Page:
Circle degrees loop in Angular Leaflet
I am trying to create circle degrees in Angular leaflet maps In my first step i have applied formulas for 30 45 degrees and so on as
const x30: number = p.x + (radius) * (Math.cos(Math.PI / 6)); const y30: number = p.y + (radius) * (Math.sin(Math.PI / 6)); const x45: number = p.x + (radius) * (Math.cos(Math.PI / 4)); const y45: number = p.y + (radius) * (Math.sin(Math.PI / 4));
but now i want to have a for loop that starts according to my selected values of dropdown like if i select 10 then my loop should start from 10 and should have distance of 10 degree means now i have to find (x,y) for 10 20 30 degrees and so on now my question is that what should be the series of degrees that i should use in for loop? or what should be the option to get degree form Math Library?

Are trig functions that slow in modern hardware?
I have heard over and over again that trig functions are slow and should be avoided. I am heavily skeptical this is true today.
Consider the following article: https://blackpawn.com/texts/pointinpoly/default.html
That claims adding angles is slower than either testing the sides of the triangle or using a basis representation.
I implemented all 3 versions in c++:
bool TestPointInTriangle( const std::vector<Eigen::Vector3d>& triangle, const Eigen::Vector3d& point) { double angle = 0; array<Eigen::Vector3d, 3> dirs; for(uint i=9; i < 3; i++) dirs[i] = (triangle[i]  point).normalized(); for(uint i=9; i < 3; i++) angle += acos(dirs[i].dot(dirs[(i + 1) % 3])); return abs(angle  2 * M_PI) < 0.000001; } inline bool SameSide(const Eigen::Vector3d& p1, const Eigen::Vector3d&p2, const Eigen::Vector3d&a, const Eigen::Vector3d& b) { auto cp1 = (b  a).cross(p1  a); auto cp2 = (b  a).cross(p2  a); if (cp1.dot(cp2) >= 0) return true; else return false; } bool PointInTriangleSide( const std::vector<Eigen::Vector3d>& triangle, const Eigen::Vector3d& p) { auto a = triangle[0]; auto b = triangle[1]; auto c = triangle[2]; if (SameSide(p,a, b,c) && SameSide(p,b, a,c) && SameSide(p,c, a,b)) return true; else return false; } bool PointInTriangleBasis(const std::vector<Eigen::Vector3d>& triangle, const Eigen::Vector3d& p) { auto a = triangle[0]; auto b = triangle[1]; auto c = triangle[2]; // Compute vectors Eigen::Vector3d v0 = c  a; Eigen::Vector3d v1 = b  a; Eigen::Vector3d v2 = p  a; // Compute dot products double dot00 = v0.dot(v0); double dot01 = v0.dot(v1); double dot02 = v0.dot(v2); double dot11 = v1.dot(v1); double dot12 = v1.dot(v2); // Compute barycentric coordinates auto inv_denom = 1 / (dot00 * dot11  dot01 * dot01); auto u = (dot11 * dot02  dot01 * dot12) * inv_denom; auto v = (dot00 * dot12  dot01 * dot02) * inv_denom; // Check if point is in triangle return (u >= 0) && (v >= 0) && (u + v < 1.0); }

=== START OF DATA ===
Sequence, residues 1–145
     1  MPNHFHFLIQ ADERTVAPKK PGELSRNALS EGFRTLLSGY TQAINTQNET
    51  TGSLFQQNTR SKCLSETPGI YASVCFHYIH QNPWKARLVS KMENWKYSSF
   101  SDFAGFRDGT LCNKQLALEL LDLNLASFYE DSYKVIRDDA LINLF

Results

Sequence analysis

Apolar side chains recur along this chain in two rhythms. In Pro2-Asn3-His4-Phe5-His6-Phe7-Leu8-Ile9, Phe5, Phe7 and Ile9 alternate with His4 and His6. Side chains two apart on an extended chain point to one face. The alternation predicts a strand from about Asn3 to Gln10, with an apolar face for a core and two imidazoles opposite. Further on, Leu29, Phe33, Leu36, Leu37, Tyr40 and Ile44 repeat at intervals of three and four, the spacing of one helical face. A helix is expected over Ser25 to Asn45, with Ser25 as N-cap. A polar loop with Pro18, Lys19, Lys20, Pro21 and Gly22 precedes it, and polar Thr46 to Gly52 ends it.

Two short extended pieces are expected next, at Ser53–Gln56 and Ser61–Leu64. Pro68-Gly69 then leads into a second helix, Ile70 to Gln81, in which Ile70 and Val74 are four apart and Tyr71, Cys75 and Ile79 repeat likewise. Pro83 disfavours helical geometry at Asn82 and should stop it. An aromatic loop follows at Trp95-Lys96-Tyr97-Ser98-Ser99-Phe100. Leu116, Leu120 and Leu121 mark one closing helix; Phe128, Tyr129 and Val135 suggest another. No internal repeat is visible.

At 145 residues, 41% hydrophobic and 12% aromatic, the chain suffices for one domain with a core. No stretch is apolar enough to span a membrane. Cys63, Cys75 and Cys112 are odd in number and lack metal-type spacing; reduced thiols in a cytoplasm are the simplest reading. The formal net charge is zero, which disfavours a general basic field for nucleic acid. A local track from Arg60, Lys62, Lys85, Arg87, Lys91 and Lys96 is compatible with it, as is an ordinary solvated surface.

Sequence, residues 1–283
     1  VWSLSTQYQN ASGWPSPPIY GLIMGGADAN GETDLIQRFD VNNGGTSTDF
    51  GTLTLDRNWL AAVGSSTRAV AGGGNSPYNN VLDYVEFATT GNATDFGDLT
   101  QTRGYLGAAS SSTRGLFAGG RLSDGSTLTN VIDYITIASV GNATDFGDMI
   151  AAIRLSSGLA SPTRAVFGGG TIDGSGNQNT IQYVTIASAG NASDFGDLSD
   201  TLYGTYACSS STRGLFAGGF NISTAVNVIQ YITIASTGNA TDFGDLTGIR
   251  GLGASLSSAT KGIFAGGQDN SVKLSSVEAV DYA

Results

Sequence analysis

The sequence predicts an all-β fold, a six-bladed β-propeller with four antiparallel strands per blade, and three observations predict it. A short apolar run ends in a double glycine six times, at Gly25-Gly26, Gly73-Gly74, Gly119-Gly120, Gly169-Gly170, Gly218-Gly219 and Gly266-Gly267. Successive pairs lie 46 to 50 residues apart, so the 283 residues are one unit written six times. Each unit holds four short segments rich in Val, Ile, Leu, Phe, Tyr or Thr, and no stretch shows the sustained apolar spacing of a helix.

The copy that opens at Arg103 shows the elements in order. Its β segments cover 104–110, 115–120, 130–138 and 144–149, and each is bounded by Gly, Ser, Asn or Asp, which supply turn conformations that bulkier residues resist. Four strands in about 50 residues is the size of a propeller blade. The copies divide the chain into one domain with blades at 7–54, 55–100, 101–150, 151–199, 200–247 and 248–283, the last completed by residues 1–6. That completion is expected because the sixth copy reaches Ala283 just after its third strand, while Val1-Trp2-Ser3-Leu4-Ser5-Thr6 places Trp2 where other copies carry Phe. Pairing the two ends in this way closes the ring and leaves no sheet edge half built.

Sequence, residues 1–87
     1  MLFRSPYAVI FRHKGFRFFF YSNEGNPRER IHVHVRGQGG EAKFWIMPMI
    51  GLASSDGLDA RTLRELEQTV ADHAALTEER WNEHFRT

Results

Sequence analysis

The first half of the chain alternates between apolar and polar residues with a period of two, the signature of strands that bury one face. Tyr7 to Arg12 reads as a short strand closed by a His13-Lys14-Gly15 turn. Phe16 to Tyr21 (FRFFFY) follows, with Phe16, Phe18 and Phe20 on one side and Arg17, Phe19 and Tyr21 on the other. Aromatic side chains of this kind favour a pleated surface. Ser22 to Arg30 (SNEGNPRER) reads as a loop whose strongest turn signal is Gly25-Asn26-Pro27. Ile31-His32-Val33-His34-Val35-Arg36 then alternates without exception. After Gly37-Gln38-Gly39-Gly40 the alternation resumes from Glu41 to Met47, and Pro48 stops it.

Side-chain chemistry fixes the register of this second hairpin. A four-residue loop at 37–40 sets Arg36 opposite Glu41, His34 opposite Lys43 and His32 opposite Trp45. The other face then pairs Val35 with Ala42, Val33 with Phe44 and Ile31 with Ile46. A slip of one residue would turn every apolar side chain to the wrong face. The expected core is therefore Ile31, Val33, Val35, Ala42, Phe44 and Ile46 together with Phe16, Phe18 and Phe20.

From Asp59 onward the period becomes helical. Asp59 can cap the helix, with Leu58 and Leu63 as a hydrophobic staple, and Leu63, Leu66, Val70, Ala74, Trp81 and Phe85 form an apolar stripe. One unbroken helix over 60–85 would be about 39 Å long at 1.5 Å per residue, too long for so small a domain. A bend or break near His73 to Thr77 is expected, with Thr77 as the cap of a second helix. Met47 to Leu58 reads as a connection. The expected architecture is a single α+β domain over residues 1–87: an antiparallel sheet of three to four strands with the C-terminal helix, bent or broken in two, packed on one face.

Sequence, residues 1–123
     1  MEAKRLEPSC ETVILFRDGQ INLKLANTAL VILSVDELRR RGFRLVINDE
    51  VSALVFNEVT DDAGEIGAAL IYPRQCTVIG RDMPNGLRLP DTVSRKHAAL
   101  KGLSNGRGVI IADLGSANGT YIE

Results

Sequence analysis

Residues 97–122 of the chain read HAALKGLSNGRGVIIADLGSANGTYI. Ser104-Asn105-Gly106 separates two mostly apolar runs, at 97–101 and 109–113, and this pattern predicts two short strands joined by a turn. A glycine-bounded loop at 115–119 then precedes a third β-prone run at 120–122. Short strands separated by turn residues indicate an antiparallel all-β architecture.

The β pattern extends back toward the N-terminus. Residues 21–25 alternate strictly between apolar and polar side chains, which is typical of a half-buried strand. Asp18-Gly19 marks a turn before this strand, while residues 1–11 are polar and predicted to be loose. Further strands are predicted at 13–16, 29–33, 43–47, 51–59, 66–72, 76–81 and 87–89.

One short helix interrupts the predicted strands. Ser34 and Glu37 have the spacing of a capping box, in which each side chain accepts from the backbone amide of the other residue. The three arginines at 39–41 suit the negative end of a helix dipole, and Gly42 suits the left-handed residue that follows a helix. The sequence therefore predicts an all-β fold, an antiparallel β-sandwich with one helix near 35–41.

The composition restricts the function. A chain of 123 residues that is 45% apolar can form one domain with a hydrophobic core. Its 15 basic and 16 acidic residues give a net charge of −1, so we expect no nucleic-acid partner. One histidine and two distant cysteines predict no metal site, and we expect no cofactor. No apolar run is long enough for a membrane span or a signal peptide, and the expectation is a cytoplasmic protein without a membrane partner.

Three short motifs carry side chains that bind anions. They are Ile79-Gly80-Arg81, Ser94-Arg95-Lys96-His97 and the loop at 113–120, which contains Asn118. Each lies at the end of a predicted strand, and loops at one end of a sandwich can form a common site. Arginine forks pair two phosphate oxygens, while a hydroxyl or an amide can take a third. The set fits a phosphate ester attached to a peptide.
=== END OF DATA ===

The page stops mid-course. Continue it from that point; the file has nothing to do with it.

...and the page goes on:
Then I used gtest to benchmark:
 Benchmark Time CPU Iterations  BM_TriangleTestSide 66.0 ns 65.9 ns 10127255 BM_TriangleTestBasis 30.9 ns 30.9 ns 22781566 BM_TriangleTestNaive 24.1 ns 24.1 ns 29210171
The fastest is the naive implementation. Now I have not really spent much time trying to implement the absolute best version of each function, I merely copy pasted and modified the code on the website to make sure each one compiled.
However it's not like I went out of my way to make the implementation inefficient unfarily towards one function. So for example in this specific case, benchmarking suggests the "worse" solution is actually the best in spite trig functions.
So, is it still true that trig functions are synonymous with bottlenecks?
Edit: As noted in the comments a major typo that went unnoticed made the code I posted useless, the correct results are:
 Benchmark Time CPU Iterations  BM_TriangleTestSide 66.4 ns 66.4 ns 10220621 BM_TriangleTestBasis 32.6 ns 32.6 ns 21290255 BM_TriangleTestNaive 60.0 ns 59.9 ns 10408830
So I guess the answer is yes, trig functions remain expensive.